On Saturday we head down through Park Morskie Oko to the pond with the fountain for part of the summer promenades. Each week there is an hour of music: each week a different style: each week free. And this one, klezmer music, is the second last one of the season. How do we miss these things right on our doorstep?
The stage is set. A red curtain twisted around poles amongst the trees. Loudspeakers at the ready. A sprinkling of collapsible chairs. The players standing around talking. Debate about whether they were packing up or waiting to perform. Rugs spread on the ground with toys for kids: giant building blocks, noodles, a crawling tube. A pair of minute portable soccer goals and a volley ball net. A face painter with brushes laid out. A tiny audience.
At five to eleven there is an announcement. I can’t say I understand it but I know what it means, and I must have plucked out the word for five at least.
The music begins: violin, accordion, clarinet, tambourine and double bass. It’s foot-tapping music, human voice music, and the instruments do things I haven’t heard them do before. For most of the hour I have an unimpeded view, but slowly more people arrive and I lose the visuals that are so important to my pleasure in music.
So my eye passes over the audience. Mainly older people and young families. Kids engage in a robust exchange of noodle blows. A hyperactive dad juggles with cones and plastic skittles and balances a noodle on his foot. A mum squats beside a toddler collecting pebbles, moving to the music. A man sits on the rug nonchalantly with a toy tortoise perched on his shoulder. The woman in front of me, probably in her eighties, jigs rhythmically on her chair.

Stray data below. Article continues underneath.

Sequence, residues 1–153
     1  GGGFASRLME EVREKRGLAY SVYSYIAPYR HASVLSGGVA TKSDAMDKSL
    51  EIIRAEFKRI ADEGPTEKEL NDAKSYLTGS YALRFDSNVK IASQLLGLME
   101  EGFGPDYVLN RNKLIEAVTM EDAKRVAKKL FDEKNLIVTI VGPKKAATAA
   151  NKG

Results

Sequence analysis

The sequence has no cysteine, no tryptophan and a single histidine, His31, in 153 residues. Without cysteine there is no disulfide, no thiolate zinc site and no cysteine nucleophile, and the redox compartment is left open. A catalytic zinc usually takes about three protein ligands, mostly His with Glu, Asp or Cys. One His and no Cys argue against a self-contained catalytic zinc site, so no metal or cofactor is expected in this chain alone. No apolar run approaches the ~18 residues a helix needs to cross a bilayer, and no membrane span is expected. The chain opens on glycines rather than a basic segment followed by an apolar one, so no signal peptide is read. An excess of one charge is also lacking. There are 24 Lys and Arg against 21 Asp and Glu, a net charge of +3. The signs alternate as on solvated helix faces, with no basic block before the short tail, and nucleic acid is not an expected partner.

The music continues, rising to a frenzy, falling to gentleness. A passing dog objects to a passing cyclist and adds his frenzy of yaps.
And then the performance ends. We insist on two encores, one of which is, of course, If I were a rich man. As she leaves, the old woman and her companion smile widely at us and say “Do widzenia.”
That was Saturday. On Sunday at 12 we join a couple of thousand other people at the base of Chopin’s statue for Chopin in the park, another free musical offering of Warsaw summer.